J Cataract Refract Surg 35:1281-97. 2009
    ..We place this information in context with regard to patients having cataract surgery and the day-to-day conditions in which they live...
  50. doi request reprint Sleep and circadian rhythm disturbances: multiple genes and multiple phenotypes
    Katharina Wulff
    Circadian and Visual Neuroscience, Nuffield Laboratory of Ophthalmology, University of Oxford, Headley Way, Oxford OX3 9DU, UK
    Curr Opin Genet Dev 19:237-46. 2009
    ..Here we attempt to summarise what recent progress has been made, and what will be needed in the future to gain a more complete understanding of this fundamental aspect of physiology...
  51. ncbi request reprint Evaluating the links between schizophrenia and sleep and circadian rhythm disruption
    David Pritchett
    Nuffield Department of Clinical Neurosciences Nuffield Laboratory of Ophthalmology, University of Oxford, John Radcliffe Hospital, Level 5 6 West Wing, Headley Way, Oxford OX3 9DU, UK
    J Neural Transm 119:1061-75. 2012
    ....
  52. ncbi request reprint Sleep and circadian rhythm disruption in psychiatric and neurodegenerative disease
    Katharina Wulff
    Circadian and Visual Neuroscience Group, Nuffield Laboratory of Ophthalmology, University of Oxford, Headley Way, Oxford, OX3 9DU, UK
    Nat Rev Neurosci 11:589-99. 2010
    ..The stabilization of sleep may be a means by which to reduce the symptoms of--and permit early intervention of--psychiatric and neurodegenerative disease...
  53. ncbi request reprint Non-rod, non-cone photoreception in the vertebrates
    Russell G Foster
    Department of Integrative and Molecular Neuroscience, Faculty of Medicine, Imperial College of Science, Engineering and Medicine, Charing Cross Hospital, Fulham Palace Road, W6 8RF, London, UK
    Prog Retin Eye Res 21:507-27. 2002
    ..We also hope to convince the more casual reader that there is much more to vertebrate photoreceptors than the study of retinal rods and cones...
  54. ncbi request reprint The rhythm of rest and excess
    Russell G Foster
    Department of Visual Neuroscience, Imperial College London, Charing Cross Hospital, Fulham Palace Road, London W6 8RF, UK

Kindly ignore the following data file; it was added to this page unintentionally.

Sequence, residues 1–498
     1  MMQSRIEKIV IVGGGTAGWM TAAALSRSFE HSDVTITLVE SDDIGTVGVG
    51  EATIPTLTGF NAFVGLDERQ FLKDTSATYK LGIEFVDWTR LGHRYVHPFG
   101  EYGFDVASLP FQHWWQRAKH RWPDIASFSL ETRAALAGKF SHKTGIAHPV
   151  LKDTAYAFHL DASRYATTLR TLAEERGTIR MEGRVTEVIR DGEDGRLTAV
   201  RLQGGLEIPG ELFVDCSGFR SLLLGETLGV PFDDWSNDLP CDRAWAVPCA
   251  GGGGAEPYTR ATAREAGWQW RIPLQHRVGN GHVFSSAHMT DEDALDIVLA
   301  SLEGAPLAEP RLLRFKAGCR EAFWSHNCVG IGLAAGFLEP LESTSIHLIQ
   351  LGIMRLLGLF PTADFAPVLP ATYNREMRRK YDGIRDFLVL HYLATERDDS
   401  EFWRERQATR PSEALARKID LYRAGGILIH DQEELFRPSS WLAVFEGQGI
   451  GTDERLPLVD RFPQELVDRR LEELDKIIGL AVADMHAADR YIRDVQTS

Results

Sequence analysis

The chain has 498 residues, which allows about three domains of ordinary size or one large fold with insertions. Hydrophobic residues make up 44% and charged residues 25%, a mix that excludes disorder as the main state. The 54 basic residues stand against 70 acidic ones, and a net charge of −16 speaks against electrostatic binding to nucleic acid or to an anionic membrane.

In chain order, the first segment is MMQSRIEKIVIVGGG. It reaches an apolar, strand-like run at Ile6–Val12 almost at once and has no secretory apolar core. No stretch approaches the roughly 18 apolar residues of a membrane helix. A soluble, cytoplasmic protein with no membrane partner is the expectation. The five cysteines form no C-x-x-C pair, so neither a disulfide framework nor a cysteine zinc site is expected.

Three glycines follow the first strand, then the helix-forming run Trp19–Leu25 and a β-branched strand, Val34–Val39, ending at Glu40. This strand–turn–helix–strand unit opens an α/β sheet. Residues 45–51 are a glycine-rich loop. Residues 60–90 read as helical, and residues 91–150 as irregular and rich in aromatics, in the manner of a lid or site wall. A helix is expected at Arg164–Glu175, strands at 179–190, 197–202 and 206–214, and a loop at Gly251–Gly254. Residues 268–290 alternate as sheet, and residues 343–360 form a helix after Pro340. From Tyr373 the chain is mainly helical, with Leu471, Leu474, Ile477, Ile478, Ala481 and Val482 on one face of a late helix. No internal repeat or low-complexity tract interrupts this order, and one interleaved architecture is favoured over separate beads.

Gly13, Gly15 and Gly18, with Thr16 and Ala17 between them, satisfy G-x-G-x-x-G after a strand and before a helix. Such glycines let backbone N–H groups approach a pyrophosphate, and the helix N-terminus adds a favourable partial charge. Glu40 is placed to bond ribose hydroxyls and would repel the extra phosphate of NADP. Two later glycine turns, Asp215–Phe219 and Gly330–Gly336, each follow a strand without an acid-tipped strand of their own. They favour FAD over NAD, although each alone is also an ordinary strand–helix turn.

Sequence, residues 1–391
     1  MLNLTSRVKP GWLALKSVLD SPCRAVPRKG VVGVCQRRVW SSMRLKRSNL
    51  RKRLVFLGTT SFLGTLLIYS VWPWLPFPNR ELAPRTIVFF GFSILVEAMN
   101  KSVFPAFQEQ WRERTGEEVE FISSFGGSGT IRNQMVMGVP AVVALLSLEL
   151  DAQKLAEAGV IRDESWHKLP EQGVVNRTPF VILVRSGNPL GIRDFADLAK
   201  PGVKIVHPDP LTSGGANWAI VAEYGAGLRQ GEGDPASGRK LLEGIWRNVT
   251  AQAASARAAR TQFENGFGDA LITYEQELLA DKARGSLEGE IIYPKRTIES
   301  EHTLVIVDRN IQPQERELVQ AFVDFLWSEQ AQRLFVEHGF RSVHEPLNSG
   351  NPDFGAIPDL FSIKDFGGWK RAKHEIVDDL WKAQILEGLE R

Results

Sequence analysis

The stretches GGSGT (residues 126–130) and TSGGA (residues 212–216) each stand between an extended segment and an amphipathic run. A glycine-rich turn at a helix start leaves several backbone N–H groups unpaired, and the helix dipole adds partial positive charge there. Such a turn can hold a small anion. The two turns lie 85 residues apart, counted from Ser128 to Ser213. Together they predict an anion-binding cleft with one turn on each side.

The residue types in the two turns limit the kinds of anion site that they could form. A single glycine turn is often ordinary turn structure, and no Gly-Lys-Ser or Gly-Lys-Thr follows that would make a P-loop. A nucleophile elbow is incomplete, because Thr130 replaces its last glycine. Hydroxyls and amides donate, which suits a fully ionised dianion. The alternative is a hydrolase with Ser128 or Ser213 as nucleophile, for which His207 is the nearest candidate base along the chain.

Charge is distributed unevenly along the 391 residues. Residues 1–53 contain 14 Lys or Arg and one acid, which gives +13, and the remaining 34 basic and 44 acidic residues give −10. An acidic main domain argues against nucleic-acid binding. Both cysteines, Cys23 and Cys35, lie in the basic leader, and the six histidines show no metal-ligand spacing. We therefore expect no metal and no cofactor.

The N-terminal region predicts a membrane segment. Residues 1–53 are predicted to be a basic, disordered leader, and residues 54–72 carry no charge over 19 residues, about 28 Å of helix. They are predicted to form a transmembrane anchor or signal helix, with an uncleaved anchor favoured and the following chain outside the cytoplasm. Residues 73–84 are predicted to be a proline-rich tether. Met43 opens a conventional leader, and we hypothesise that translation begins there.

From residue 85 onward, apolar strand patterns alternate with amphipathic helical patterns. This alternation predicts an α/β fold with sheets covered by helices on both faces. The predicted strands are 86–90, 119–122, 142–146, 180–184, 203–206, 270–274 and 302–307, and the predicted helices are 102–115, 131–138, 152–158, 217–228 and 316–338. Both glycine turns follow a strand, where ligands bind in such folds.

Nat Rev Neurosci 6:407-14. 2005
    ..Our occupation of the night is having unanticipated costs for both our physical and mental health, which, if continued, might condemn whole sectors of our society to a dismal future...
  55. pmc Evolution and functional characterisation of melanopsins in a deep-sea chimaera (elephant shark, Callorhinchus milii)
    Wayne I L Davies
    School of Animal Biology, University of Western Australia Oceans Institute and Lions Eye Institute, University of Western Australia, Perth, Western Australia, Australia
    PLoS ONE 7:e51276. 2012
    ....
  56. pmc In silico characterisation and chromosomal localisation of human RRH (peropsin)--implications for opsin evolution
    James Bellingham
    Gene Targeting Unit, Department of Neuromuscular Diseases, Division of Neuroscience and Psychological Medicine, Faculty of Medicine, Imperial College London, Charing Cross Hospital, St Dunstan s Road, London, W6 8RP, UK
    BMC Genomics 4:3. 2003
    ..Exceptions to this are RGR-opsin and melanopsin, whose genes have very different intron insertion positions. The gene structure of another opsin, peropsin (retinal pigment epithelium-derived rhodopsin homologue, RRH) is unknown...
  57. ncbi request reprint Keeping an eye on the time: the Cogan Lecture
    Russell G Foster
    Department of Integrative and Molecular Neuroscience, Faculty of Medicine, Imperial College of Science, Engineering, and Medicine, Charing Cross Hospital, Fulham Palace Road, London W6 8RF, United Kingdom
    Invest Ophthalmol Vis Sci 43:1286-98. 2002
  58. pmc Experimental validation of novel and conventional approaches to quantitative real-time PCR data analysis
    Stuart N Peirson
    Department of Integrative and Molecular Neuroscience, Division of Neuroscience and Psychological Medicine, Faculty of Medicine, Imperial College London, Charing Cross Hospital, Fulham Palace Road, London W6 8RF, UK
    Nucleic Acids Res 31:e73. 2003
    ..We have automated this method to provide a means of streamlining the real-time PCR process, enabling analysis of experimental samples based upon their own reaction kinetics rather than those of artificial standards...
  59. pmc The nocturnal bottleneck and the evolution of activity patterns in mammals
    Menno P Gerkema
    Centre for Behaviour and Neuroscience, Department of Chronobiology, University of Groningen, Groningen, The Netherlands
    Proc Biol Sci 280:20130508. 2013
    ..Our conclusion presently is that arguments in favour of the nocturnal bottleneck hypothesis in eutherians prevail...
  60. ncbi request reprint Opsins and mammalian photoentrainment
    James Bellingham
    Department of Integrative and Molecular Neuroscience, Division of Neuroscience and Psychological Medicine, Imperial College Faculty of Medicine, Charing Cross Hospital, Fulham Palace Road, London, W6 8RF, UK
    Cell Tissue Res 309:57-71. 2002
    ....